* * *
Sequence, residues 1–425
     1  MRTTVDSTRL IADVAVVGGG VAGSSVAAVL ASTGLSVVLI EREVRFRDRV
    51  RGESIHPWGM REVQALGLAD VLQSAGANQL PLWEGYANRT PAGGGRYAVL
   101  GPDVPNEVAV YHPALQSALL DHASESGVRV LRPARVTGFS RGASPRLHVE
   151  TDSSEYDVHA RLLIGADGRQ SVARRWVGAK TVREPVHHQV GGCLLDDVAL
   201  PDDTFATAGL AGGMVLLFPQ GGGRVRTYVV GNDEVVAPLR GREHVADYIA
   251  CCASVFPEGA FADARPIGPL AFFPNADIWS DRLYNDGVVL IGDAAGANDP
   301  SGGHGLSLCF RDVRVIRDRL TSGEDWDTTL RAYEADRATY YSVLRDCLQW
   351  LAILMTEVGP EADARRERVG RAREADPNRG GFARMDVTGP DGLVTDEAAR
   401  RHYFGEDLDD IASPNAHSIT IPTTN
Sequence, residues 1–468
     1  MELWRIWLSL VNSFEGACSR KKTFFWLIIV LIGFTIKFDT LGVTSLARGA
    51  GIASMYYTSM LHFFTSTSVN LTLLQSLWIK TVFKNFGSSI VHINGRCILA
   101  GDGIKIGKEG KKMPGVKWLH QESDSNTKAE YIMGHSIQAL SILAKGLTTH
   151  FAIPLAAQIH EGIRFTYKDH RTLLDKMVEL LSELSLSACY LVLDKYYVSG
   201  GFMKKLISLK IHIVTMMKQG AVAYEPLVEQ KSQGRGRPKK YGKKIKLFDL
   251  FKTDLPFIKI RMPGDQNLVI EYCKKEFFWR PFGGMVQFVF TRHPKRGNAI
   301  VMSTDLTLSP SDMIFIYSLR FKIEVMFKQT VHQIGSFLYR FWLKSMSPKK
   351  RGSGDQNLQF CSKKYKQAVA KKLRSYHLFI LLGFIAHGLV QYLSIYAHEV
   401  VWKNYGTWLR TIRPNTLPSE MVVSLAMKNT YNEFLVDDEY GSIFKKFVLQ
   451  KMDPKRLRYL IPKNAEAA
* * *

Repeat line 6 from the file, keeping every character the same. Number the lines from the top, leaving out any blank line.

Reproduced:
   201  PDDTFATAGL AGGMVLLFPQ GGGRVRTYVV GNDEVVAPLR GREHVADYIA